Davis asks, “How can we make the best investments that snowball and create a tech sector that welcomes these men? Our challenge has been trying to understand where to make those investments, as there are no blueprints for how to do this through grant-making. We’ve been making investments outside our comfort zone.”
Reflecting the skill set he developed while working with the Kapor Center, Davis has gone on to rebrand the College Bound Brotherhood, helping it to focus solely on diversifying the world of tech. That meant cutting off funding to some grantees while gambling on new and untested investments. “As part of our pivot to focus exclusively on tech, we parted with some of our long-term grant partners,” Davis says. “In doing so, an opportunity presented itself to support a number of nonprofits who weren’t receiving much interest or funding for their work aimed at exposing communities of color to coding.”
Without such focused support, Davis adds, the effects of a growing tech sector on black and Latino communities were mainly “displacement, career unreadiness and gentrification.” The Brotherhood’s investment strategy paid off: “Two to three years later, we had people so thankful for [our] taking the risk to help them grow and develop.”
While the Kapor Center is strengthening the tech pipeline for people of color, Davis is quick to point out that “there are many entry points—from a novice coder to successful entrepreneur.” He notes that not all students in the College Bound Brotherhood have been introduced to coding, but like many Americans they’re “connected at the hip to technology via cell phones or gaming consoles. We simply want to expose these young men to exactly where that technology comes from and inform them that there is a lucrative career available to them if they’re interested. We aim to build meaningful relationships with tech companies so they remain cognizant of the importance of having multiple doors through which talent of color can comfortably walk.”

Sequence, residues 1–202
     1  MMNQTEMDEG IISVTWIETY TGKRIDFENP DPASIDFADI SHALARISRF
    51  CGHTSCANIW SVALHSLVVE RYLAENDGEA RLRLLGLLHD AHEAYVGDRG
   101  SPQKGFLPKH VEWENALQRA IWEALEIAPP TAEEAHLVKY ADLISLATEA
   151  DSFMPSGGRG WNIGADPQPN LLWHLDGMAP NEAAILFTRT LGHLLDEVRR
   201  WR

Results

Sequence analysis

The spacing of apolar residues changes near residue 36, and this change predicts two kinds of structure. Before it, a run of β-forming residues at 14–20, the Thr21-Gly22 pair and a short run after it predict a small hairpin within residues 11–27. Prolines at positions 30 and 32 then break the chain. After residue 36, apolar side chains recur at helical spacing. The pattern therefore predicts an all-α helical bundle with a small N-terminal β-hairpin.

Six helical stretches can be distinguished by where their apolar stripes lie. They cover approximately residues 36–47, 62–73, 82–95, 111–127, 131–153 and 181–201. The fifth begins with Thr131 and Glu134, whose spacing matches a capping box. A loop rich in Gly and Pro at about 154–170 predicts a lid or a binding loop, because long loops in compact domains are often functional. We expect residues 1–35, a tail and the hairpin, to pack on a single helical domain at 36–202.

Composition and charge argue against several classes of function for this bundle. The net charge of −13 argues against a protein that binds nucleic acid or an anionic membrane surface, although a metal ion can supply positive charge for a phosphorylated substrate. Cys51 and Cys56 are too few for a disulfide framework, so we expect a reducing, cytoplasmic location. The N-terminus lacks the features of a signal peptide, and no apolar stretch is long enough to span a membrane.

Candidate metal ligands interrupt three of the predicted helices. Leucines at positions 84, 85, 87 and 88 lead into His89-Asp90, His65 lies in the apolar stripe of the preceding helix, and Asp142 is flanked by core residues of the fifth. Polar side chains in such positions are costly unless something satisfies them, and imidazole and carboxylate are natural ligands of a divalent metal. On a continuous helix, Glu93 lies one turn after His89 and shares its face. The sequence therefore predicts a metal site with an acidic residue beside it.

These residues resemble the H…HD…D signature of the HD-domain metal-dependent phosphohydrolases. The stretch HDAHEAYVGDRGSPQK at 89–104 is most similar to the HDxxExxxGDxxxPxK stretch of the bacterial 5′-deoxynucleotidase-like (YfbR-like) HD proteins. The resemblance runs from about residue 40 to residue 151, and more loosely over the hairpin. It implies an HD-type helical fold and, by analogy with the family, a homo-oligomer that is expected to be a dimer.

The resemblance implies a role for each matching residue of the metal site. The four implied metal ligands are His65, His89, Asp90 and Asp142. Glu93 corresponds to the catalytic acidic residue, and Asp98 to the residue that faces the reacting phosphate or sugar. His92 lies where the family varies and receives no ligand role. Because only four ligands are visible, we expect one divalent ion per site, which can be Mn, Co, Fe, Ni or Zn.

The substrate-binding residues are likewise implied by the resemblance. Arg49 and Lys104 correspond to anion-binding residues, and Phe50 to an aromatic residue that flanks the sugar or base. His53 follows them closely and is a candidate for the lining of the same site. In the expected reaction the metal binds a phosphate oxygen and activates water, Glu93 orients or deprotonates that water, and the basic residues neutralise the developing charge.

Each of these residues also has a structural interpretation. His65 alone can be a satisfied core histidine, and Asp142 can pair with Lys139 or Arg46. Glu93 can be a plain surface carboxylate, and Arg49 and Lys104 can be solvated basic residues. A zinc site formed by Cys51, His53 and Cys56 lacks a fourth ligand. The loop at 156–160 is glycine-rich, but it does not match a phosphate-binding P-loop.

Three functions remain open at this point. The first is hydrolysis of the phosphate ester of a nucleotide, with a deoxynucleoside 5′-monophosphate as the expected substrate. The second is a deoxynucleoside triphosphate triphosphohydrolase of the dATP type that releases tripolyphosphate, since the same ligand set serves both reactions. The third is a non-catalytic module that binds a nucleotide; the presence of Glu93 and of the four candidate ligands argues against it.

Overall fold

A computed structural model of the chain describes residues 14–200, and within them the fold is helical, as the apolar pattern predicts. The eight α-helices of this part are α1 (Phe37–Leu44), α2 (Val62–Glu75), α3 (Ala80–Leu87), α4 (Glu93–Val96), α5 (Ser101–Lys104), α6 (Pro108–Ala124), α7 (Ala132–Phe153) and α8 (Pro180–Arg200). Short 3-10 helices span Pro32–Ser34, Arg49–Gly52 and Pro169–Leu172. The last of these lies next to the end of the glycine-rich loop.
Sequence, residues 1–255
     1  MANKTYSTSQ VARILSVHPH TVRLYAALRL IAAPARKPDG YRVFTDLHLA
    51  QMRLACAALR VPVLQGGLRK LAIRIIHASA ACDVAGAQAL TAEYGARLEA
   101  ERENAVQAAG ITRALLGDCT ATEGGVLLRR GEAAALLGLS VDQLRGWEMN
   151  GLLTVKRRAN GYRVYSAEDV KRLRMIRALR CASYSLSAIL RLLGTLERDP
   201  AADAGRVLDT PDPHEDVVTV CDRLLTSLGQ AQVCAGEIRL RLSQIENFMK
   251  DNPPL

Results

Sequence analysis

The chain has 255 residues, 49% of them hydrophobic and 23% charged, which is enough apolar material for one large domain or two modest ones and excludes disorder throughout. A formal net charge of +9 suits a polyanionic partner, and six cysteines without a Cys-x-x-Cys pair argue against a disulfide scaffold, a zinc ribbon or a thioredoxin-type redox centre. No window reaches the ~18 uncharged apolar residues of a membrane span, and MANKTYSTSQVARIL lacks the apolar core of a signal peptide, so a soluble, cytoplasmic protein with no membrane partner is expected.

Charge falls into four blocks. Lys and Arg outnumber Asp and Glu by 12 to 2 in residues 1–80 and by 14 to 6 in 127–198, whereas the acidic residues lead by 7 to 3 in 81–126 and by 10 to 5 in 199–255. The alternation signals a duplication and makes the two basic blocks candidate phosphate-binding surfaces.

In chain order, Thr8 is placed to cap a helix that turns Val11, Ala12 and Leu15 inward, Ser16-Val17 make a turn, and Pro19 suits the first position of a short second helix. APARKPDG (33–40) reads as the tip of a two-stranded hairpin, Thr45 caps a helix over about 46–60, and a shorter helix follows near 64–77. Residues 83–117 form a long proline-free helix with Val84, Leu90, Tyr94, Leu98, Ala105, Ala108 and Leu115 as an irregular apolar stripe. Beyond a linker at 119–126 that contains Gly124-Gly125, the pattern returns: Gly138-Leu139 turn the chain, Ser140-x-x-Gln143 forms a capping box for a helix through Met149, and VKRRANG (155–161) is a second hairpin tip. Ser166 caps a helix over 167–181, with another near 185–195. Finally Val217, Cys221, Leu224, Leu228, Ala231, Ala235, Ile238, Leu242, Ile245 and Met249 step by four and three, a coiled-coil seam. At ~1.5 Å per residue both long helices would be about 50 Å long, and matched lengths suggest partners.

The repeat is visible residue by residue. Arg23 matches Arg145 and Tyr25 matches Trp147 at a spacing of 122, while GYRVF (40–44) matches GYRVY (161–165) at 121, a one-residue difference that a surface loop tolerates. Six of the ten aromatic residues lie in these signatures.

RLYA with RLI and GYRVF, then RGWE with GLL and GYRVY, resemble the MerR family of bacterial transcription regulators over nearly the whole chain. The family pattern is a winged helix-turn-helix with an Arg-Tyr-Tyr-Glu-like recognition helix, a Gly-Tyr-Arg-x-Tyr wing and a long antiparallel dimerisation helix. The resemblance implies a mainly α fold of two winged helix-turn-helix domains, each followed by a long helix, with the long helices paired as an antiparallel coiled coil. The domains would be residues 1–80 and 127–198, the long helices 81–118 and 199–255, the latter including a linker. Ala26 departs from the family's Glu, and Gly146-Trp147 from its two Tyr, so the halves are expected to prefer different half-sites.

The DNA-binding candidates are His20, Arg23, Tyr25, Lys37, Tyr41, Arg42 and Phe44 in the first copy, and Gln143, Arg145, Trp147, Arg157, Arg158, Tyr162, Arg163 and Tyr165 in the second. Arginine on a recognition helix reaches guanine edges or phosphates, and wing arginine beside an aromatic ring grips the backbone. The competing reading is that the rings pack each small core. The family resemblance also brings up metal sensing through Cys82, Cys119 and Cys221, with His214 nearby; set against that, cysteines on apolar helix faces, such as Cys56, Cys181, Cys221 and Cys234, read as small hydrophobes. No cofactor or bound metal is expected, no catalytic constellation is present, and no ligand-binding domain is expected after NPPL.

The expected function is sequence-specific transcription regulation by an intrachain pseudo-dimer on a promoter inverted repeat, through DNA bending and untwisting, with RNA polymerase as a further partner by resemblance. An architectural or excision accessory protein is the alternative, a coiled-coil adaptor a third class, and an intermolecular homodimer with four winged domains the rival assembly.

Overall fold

The Brotherhood collaborates with more than 40 agencies and organizations, each of which contributes to the network model. Much of the success of the program is due to the engagement of unlikely partners. “They’re the big tech firms just down the road. We’re knocking on the door and getting into those closed walls,” Davis explains.
The “tech inclusion” full court press is working, he says with satisfaction. “Oh yes! We’re sitting down now with C-suite staff and doing workshops on this issue in front of hundreds and hundreds of their staff,” Davis says. “These conversations have paid dividends in the sense that we are no longer knocking on the doors (as much), but are now often answering the knock on our door.”
Feeling inspired? If you’re ready to begin your own Be Fearless journey start by downloading our free Be Fearless Action Guide and Case Studies.